At first, in the case where the switch 21 is in the turn-off state in the control section 20, and a voltage is not applied between the lower electrode 12 and the upper electrode 17, for example, as illustrated in FIG. 3A, the nonpolar liquid 15 is spread so as to be laid over the whole of each cell region Z. Therefore, external light L applied from the lower substrate 11 side is blocked by the color-tinted nonpolar liquid 15 so that the light L is not leaked to the other side. On the other hand, in the case where the switch 21 is in the turn-on state in the control section 20, and a voltage is applied between the lower electrode 12 and the upper electrode 17, for example, as illustrated in FIG. 3B, the polar liquid 16 comes into contact with the hydrophobic insulating film 13, and the nonpolar liquid 15 gathers in a region α corresponding to the aperture 12K of the lower electrode 12 in each cell region Z. Therefore, for example, while a part (light L1) entering into the region α of the external light L applied from the lower substrate 11 side is interrupted, a remaining part (light L2) entering into a region β is transmitted to the other side (the upper substrate 18 side). The behavior of the nonpolar liquid 15 results from a change in wettability between the polar liquid 16 and the hydrophobic insulating film 13 by the application of a voltage. More specifically, in the case where a voltage is applied between the lower electrode 12 and the upper electrode 17, an electric charge is stored in the region β corresponding to the lower electrode 12 in a laminate direction of a surface of the hydrophobic insulating film 13, so in the region (electric charge generation region) β in which the electric charge is stored, the polar liquid 16 having polarity is attracted to the hydrophobic insulating film 13 by the Coulomb force of the electric charge. In other words, in the region β, the wettability (the contact angle) of the polar liquid 16 with respect to the hydrophobic insulating film 13 changes (hydrophobicity with respect to the polar liquid 16 is decreased). Therefore, the nonpolar liquid 15 moves (the shape of a droplet of the nonpolar liquid 15 is changed) by the polar liquid 16 so as to be eliminated from the electric charge generation region β, and as a result, the nonpolar liquid 15 gathers in the region α as an electric charge non-generation region corresponding to the aperture 12K of the lower electrode 12.
  • [0060]
    However, in a configuration in published Japanese Translation No. 2007-500876 of the PCT International Publication exemplified in the Background, as illustrated in FIGS. 28A and 28B, a lower electrode 112 is expanded all over the cell region Z, so when a voltage is applied between the lower electrode 112 and the upper electrode 17, an electric charge is stored in the whole surface of the hydrophobic insulating film 13 in the cell region Z, so the position where a nonpolar liquid 115 having a changed shape of a droplet thereof gathers is not fixed in one position, and the shape of a droplet of the nonpolar liquid 115 is unstable. Moreover, in some cases, as illustrated in FIG. 28C, the nonpolar liquid 115 may be distributed among a plurality of positions. Therefore, such a case is not preferable, because response (a change in the shape of the droplet of the nonpolar liquid 115) to the operation of voltage application is delayed, and the amount of transmitted light becomes unstable by the development of hysteresis in a relationship between an applied voltage and transmittance.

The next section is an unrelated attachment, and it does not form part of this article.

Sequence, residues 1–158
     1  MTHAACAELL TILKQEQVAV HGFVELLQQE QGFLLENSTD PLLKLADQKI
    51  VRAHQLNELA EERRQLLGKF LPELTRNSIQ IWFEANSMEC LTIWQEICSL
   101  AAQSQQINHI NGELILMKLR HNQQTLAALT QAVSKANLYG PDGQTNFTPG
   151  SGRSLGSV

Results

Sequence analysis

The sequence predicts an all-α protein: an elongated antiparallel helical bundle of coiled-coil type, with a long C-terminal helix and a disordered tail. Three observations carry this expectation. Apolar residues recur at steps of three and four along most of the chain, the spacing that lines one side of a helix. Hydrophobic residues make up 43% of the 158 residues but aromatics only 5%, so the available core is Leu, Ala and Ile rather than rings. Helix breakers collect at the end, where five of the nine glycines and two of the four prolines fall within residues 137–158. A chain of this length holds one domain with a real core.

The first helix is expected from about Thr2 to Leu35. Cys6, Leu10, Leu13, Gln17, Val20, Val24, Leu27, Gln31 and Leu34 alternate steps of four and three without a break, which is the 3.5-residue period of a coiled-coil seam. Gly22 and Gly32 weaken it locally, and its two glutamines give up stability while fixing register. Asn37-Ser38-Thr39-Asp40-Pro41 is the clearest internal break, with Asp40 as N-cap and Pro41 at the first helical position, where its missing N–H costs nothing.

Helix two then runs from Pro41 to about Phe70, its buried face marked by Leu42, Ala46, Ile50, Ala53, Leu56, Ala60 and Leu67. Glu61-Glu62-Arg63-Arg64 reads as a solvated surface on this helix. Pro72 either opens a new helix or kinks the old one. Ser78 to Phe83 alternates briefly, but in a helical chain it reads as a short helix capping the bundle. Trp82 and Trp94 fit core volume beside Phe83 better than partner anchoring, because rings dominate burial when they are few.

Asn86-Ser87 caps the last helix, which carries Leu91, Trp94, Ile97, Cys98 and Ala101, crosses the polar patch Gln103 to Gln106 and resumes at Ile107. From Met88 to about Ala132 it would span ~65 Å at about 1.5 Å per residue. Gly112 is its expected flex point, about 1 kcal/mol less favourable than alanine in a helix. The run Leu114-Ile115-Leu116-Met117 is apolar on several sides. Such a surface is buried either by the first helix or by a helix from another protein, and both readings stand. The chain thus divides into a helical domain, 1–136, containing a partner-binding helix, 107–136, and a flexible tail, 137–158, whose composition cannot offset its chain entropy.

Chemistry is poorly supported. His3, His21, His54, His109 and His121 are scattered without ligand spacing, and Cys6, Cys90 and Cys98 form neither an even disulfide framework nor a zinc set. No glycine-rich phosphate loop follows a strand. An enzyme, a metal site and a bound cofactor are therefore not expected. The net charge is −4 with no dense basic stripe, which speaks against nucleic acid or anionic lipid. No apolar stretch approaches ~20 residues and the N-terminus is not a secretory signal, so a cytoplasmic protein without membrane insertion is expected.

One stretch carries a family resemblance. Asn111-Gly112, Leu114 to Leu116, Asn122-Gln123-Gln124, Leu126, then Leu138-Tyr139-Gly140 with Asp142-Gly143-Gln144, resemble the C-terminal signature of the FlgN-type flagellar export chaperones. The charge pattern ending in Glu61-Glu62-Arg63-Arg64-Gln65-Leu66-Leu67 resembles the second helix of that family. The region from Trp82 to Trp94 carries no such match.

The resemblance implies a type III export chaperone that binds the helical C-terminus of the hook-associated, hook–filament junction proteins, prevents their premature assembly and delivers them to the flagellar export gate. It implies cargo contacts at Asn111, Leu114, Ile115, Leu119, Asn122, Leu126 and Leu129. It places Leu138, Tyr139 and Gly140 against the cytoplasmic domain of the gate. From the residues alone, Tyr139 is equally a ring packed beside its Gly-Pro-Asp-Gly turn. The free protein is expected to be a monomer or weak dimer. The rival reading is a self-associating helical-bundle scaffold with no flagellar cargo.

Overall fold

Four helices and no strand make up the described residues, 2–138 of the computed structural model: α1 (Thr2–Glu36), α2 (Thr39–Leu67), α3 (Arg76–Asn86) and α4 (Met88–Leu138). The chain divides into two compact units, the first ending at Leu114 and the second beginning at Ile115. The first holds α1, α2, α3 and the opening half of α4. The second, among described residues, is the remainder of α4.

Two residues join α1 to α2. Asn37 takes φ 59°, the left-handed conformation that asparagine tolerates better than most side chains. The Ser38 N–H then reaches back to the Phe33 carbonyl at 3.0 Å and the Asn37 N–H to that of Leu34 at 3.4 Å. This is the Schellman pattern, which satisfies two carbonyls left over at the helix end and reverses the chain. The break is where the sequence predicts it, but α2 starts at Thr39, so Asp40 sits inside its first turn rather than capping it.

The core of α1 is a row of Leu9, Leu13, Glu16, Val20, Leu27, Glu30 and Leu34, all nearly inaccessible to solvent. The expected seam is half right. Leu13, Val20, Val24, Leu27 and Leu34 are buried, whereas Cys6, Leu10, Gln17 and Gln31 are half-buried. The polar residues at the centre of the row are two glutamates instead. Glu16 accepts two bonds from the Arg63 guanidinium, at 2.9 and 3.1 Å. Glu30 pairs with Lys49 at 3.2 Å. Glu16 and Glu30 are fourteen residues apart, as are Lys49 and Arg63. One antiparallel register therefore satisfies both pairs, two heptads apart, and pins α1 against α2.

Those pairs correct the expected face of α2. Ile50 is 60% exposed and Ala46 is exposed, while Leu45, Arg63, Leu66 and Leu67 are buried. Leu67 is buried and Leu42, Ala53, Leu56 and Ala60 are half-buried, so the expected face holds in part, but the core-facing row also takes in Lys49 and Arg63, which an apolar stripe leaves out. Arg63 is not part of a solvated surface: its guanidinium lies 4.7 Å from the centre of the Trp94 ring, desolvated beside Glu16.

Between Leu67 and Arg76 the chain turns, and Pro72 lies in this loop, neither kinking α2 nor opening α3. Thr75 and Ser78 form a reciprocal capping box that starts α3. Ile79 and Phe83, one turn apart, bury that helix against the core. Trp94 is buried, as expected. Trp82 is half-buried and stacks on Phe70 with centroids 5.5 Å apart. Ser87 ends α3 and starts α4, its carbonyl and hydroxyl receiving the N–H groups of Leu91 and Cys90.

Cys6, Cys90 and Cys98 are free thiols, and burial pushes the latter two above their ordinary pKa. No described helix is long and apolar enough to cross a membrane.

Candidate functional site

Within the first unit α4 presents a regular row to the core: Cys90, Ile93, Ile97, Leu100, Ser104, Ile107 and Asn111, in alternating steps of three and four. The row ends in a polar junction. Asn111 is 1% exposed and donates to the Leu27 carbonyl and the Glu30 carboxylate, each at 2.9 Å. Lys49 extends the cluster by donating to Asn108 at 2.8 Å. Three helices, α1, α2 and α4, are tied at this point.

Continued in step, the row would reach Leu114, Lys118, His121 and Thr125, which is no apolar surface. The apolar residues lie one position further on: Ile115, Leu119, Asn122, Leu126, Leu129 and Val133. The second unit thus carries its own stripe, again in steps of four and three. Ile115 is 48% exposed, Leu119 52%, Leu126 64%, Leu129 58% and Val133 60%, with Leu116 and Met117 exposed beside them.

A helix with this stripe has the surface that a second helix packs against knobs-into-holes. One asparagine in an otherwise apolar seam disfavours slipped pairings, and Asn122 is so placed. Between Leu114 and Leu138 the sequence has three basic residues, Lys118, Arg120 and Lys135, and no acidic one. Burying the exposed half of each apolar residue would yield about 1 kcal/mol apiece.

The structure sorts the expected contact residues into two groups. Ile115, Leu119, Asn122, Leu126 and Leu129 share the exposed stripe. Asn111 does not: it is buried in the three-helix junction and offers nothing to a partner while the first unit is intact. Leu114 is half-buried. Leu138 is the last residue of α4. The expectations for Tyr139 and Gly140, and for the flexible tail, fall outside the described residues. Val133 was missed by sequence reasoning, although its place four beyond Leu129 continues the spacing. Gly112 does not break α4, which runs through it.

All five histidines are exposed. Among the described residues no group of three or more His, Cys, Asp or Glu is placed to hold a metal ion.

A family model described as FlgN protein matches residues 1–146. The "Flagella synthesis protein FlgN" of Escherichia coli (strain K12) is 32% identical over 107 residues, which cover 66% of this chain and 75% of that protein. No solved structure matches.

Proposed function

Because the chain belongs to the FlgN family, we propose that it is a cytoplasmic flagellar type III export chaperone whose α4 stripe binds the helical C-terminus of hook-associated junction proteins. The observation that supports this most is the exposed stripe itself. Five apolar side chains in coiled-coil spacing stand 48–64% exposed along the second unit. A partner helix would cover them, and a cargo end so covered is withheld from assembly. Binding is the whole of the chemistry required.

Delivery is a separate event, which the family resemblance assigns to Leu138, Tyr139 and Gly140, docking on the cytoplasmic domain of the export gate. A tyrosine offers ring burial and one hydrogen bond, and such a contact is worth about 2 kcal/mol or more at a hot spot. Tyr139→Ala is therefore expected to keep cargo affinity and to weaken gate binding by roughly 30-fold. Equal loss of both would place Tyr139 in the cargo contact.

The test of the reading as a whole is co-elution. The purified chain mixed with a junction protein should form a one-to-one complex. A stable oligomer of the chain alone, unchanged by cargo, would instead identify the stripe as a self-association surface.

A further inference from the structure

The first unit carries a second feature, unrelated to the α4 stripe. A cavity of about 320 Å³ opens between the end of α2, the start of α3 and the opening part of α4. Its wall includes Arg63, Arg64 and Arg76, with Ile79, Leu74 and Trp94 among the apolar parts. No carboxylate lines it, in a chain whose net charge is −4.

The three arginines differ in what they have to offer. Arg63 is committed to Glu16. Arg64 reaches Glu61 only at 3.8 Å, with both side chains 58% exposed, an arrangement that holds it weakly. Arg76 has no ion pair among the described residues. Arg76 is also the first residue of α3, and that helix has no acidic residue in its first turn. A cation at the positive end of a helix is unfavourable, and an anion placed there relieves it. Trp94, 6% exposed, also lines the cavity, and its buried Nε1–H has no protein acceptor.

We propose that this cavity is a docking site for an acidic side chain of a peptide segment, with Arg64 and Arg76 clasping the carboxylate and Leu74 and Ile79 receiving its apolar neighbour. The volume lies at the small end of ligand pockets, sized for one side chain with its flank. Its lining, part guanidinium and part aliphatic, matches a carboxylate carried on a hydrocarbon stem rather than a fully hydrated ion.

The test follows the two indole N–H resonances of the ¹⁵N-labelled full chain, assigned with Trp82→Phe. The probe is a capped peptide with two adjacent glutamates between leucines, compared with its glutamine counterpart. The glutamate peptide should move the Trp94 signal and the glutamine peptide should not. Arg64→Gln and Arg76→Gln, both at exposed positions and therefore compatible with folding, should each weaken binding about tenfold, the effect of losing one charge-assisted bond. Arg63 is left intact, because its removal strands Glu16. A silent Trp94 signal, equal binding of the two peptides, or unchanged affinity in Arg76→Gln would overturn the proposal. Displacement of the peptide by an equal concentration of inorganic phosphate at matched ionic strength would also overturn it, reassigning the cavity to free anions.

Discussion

• [0061]
    On the other hand, in the embodiment, the nonpolar liquid 15 moves so as to consistently gather in a fixed position (the region α corresponding to the aperture 12K of the lower electrode 12), so the shape of the droplet of the nonpolar liquid 15 is changed through a short path by a change in voltage, thereby high responsivity is obtained. Moreover, the development of the above-described hysteresis is prevented.
  • [0062]
    FIG. 3B illustrates a state where the maximum transmittance (the maximum aperture ratio) is obtained; however, the size of the nonpolar liquid 15 is controlled by adjusting an applied voltage, thereby desired intensity of transmitted light is able to be obtained. In this case, the dimensions of the nonpolar liquid 15 are increased or decreased around the region α as a center.
  • [0063]
    Thus, in the liquid optical element 10 according to the embodiment, the aperture 12K is arranged in a part of the lower electrode 12 covered with the hydrophobic insulating film 13, and the region β in which an electric charge is stored on the surface of the hydrophobic insulating film 13 at the time of application of a voltage and the region α in which the electric charge is not stored are formed in the cell region Z, so while the liquid optical element 10 has a simple configuration, the liquid optical element 10 has high response speed, and is able to stably control the intensity of transmitted light. In particular, the central position of the aperture 12K matches the central position of the cell region Z, and the electric charge non-generation region (the region α) is arranged at the center of the cell region Z, so the average moving distance of the nonpolar liquid 15 at the time of application of a voltage becomes minimum, thereby the response speed is able to be further improved.
  • [0064]